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Baltimore Sun in April: 'Perpetual trash nemesis' leads to 'rodent problem.' Sun over weekend: 'Better to have a few rats than to be one'

Interesting turnaround of opinion

Image source: YouTube screenshot

In a little over three months, the editorial board of the Baltimore Sun appeared to execute quite the turnaround of opinion.

The board on April 11 — in its "Baltimore's perpetual trash problem" piece — asked in its lead paragraph, "Why can't we have a clean city? It's a problem that has perplexed generations of mayors in Baltimore. Call it the perpetual trash nemesis."

The piece continued, calling Baltimore "a mess of a city. Food containers, balled up clothes, paper, banana peels, plastic bags and tons of other pieces of litter line the shoulders of roads, pile up in alleys and are strewn across fields and yards. Not only is it unsightly and contributes to a rodent problem, but it can create a glum and gloomy feel in a time when the city is already facing self-esteem issues because of high crime and the scandal surrounding the University Maryland Medical System and Mayor Catherine Pugh, who's now on an indefinite leave, and her Healthy Holly books. If anything, the city needs a major scrubbing to help restore some of its faith and image."

On second thought

Fast forward to Saturday, and the Sun's editorial board — reacting to President Donald Trump calling U.S. Rep. Elijah Cummings' 7th Congressional District, which encompasses much of Baltimore, "filthy" and a "disgusting, rat and rodent infested mess" — ran with the following headline: "Better to have a few rats than to be one."

"It's not hard to see what's going on here," the Sun's piece said. "The congressman has been a thorn in this president's side, and Mr. Trump sees attacking African American members of Congress as good politics, as it both warms the cockles of white supremacists who love him and causes so many of the thoughtful people who don't to scream."

The editorial board went on to laud 7th District spots such as Johns Hopkins Hospital, the U.S. Social Security Administration, and the "beauty of the Inner Harbor" — where a police officer said "masses of juveniles" were "fighting" one night in late May, according to Ulysses Munoz, a visual journalist for the Sun.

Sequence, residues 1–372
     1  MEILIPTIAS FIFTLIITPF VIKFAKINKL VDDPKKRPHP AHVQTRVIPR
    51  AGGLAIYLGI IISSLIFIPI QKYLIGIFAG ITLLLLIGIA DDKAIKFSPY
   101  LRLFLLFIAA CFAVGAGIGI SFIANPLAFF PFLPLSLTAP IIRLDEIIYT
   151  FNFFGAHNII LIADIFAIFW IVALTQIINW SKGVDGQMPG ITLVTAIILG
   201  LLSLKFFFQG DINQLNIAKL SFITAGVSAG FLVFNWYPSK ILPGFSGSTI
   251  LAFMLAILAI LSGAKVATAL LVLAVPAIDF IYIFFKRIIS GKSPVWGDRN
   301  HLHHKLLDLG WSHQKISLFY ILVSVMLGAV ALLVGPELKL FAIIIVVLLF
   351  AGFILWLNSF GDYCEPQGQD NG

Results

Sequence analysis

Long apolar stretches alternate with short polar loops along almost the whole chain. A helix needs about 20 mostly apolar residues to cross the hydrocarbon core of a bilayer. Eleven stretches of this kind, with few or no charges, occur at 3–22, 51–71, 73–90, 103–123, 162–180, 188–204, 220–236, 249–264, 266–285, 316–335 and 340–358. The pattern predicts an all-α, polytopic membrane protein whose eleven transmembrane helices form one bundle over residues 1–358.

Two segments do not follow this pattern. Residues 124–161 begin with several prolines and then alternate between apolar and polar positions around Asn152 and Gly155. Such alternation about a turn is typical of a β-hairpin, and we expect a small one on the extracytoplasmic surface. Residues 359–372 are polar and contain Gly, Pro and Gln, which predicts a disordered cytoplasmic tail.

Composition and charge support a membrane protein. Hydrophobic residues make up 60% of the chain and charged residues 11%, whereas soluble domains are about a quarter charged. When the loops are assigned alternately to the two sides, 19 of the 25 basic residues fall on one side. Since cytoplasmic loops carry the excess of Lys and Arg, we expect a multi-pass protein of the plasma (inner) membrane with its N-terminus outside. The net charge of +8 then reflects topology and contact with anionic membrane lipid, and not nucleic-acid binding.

Six were arrested for destruction of property and disorderly conduct, the Crime Report said, adding that it was "at least the fourth time since last summer a large group of youths has been implicated in rowdy, public behavior."

Yet the Sun's editorial board noted, "If there are problems here, rodents included, they are as much [Trump's] responsibility as anyone's, perhaps more because he holds the most powerful office in the land."

The editorial board's scathing piece also called Trump "the most dishonest man to ever occupy the Oval Office, the mocker of war heroes, the gleeful grabber of women's private parts, the serial bankrupter of businesses, the useful idiot of Vladimir Putin, and the guy who insisted there are 'good people' among murderous neo-Nazis" and said he's "still not fooling most Americans into believing he's even slightly competent in his current post. Or that he possesses a scintilla of integrity."

The piece concluded: "Better to have some vermin living in your neighborhood than to be one."

Here's a 2016 Sun video report about union workers in Baltimore's subway protesting rat infestation:

Workers Protest Rats In Baltimore's Subway youtu.be

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